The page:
It’s a dog’s breakfast, Deputy Premier John Rau agreed today when summing up commuter confusion about free bus rides.
“There is confusion,” he admitted as mixed messages left bus passengers confused during the first day of industrial action by Tansport Workers Union members.
The confusion started last night when some news services reported that Adelaide bus drivers will offer passengers free rides as part of the industrial action.
Enter Lino Di Lernia from the Transport Department. “It’s not free. The Passenger Transport Act puts a legal liability on people to pay and if they don’t pay they could have quite heavy fines,” he told ABC TV News.
“People are legally and morally obliged to pay. 85 per cent of our customers use a Metrocard so we’d expect those people to be validating.”
By Wednesday morning the message had been tempered.
Transport Services Minister Chloe Fox said “there will be an indulgence granted” if people are caught not paying their fare during the industrial action.
Industrial Relations Minister Rau explained that what Fox meant. “Her position is that given its an industrial dispute, you won’t be prosecuted. Technically, however, they (commuters) are breaching the law by taking a free ride.”
If that hadn’t confused passengers, then it became a little murkier when a caller told ABC Radio he’d just been given an on-the-spot fine for not buying a ticket.
“Not all services are involved in the dispute,” Rau pointed out.
Buses operated by SouthLink and Transfield Services are subject to the no-collect actions, while TWU members employed by Adelaide’s third bus operator, Torrens Transit, are not involved.
Whether the commuter knows which is which is debatable and when Rau was asked if the matter had developed into a dog’s breakfast he said: “It is … there is confusion.”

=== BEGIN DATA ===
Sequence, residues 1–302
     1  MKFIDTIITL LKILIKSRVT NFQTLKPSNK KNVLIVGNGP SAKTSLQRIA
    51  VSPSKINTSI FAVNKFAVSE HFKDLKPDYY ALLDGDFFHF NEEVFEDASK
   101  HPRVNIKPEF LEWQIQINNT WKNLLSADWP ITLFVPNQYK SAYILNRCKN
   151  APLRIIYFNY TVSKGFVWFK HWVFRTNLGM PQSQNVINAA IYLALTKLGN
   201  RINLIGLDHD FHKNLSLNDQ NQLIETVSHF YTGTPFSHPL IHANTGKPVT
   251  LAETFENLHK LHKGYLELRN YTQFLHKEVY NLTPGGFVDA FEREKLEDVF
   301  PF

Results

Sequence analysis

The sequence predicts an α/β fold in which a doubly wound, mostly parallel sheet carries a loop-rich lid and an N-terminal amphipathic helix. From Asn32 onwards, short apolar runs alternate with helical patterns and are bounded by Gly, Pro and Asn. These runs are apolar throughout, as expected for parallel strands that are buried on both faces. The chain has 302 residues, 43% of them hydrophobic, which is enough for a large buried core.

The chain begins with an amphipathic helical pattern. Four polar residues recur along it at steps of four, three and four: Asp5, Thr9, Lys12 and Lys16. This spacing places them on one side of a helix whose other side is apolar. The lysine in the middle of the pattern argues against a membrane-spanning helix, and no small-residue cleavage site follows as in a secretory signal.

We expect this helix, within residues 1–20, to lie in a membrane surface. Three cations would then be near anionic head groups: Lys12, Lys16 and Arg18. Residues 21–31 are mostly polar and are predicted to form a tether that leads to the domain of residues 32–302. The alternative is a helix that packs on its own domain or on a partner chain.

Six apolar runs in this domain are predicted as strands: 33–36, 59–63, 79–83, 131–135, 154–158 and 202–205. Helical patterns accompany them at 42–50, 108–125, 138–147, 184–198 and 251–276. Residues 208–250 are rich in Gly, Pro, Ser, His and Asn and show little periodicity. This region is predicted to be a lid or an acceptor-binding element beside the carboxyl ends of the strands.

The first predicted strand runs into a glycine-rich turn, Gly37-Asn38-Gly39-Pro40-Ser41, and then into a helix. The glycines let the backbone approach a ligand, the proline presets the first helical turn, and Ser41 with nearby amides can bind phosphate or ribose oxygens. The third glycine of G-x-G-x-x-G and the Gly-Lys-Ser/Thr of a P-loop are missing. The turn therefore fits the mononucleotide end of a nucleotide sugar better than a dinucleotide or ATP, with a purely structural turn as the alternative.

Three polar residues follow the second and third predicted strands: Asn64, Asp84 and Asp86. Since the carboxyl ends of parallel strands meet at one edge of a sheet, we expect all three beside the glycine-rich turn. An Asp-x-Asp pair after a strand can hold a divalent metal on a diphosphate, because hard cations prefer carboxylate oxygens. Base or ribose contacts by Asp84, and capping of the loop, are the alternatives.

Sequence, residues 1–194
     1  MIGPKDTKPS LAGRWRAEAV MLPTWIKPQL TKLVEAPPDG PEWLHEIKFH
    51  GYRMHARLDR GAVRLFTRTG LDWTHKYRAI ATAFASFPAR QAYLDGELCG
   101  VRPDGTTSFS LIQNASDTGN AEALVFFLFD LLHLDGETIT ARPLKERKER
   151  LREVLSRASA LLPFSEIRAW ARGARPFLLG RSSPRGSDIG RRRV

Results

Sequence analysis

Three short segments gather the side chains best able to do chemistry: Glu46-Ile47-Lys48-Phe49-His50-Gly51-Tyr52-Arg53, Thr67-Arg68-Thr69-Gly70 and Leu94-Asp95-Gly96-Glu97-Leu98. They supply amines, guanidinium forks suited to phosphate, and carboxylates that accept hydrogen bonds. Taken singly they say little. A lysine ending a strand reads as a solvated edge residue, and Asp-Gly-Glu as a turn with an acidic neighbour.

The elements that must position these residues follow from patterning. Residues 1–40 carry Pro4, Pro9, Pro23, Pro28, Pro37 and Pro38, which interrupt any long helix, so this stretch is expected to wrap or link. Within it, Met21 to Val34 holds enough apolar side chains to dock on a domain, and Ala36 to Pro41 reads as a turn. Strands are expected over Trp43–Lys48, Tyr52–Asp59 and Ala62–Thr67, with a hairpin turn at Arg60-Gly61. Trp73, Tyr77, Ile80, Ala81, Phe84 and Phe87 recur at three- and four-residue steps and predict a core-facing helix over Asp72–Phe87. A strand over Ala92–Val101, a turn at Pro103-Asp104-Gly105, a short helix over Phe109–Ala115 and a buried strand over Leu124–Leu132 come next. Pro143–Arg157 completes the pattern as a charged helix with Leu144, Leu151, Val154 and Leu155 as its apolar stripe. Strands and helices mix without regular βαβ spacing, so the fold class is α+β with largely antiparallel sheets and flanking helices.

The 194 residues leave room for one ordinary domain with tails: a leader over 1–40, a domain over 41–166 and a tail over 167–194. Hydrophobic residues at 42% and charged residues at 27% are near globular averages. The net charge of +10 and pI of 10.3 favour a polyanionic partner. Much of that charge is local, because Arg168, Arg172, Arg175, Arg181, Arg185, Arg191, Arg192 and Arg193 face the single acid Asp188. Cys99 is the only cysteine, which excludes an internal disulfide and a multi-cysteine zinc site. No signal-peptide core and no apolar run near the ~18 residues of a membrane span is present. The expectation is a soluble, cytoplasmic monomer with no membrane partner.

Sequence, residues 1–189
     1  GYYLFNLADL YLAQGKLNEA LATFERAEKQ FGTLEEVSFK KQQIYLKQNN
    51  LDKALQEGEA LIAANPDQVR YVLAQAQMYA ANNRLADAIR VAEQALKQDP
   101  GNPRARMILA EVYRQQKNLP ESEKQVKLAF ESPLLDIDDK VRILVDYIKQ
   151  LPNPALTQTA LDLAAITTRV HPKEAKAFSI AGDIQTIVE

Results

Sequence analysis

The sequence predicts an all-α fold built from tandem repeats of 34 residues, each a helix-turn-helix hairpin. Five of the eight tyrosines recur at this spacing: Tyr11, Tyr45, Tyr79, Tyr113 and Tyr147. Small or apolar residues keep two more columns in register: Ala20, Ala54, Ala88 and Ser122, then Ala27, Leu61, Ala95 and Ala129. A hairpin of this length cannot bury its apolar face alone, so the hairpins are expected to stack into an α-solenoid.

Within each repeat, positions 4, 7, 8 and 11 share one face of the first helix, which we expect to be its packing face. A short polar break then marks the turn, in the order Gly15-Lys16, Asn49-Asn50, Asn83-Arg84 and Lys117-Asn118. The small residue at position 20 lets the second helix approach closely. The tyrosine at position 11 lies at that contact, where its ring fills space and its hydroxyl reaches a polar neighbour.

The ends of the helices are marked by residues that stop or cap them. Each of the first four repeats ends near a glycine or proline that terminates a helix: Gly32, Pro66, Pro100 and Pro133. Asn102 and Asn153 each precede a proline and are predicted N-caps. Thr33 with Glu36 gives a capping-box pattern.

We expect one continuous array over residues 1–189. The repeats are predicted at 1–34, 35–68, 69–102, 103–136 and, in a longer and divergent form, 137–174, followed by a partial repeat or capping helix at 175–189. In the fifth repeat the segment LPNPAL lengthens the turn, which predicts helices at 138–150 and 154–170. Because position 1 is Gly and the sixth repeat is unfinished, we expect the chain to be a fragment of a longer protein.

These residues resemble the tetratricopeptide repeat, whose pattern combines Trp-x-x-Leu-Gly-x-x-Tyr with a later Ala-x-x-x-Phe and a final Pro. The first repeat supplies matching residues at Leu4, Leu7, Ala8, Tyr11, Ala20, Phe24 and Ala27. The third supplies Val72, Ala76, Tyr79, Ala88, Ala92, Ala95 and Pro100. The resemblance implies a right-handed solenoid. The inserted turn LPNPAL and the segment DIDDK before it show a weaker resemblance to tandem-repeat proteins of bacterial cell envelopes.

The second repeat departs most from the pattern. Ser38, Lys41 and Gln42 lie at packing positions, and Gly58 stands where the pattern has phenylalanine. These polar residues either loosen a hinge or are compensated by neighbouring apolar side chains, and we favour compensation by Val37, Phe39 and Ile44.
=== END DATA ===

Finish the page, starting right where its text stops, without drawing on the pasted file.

Over on the Noarlunga train line, meanwhile, would-be commuters spent part of yesterday afternoon wondering why trains were whizzing past and not picking up passengers.
The public address system gave no clue – it wasn’t working.
“We’re upgrading the loudspeakers,” Transport Minister Tom Koutsantonis explained to ABC Radio.
“Unfortunately people have been inconvenienced by that and I apologise.
“It shows that we’re investing in our transport system which has been neglected for the last 30 or 40 years.”
Back to the buses and commuters planning a day out on Sunday should be aware that many bus routes will not be operating.
The TWU will step up its campaign for a 5 per cent base rate wage rise by holding a four-hour strike on routes operated by Transfield Services and Southlink.
The action affects routes in the city’s north, north-east, south and the hills.
Opposition transport spokeswoman Vickie Chapman said the situation required direct government action.
“They’ve got to sit down and deal with this issue with the parties concerned, namely the contractors and the bus drivers,” she said.
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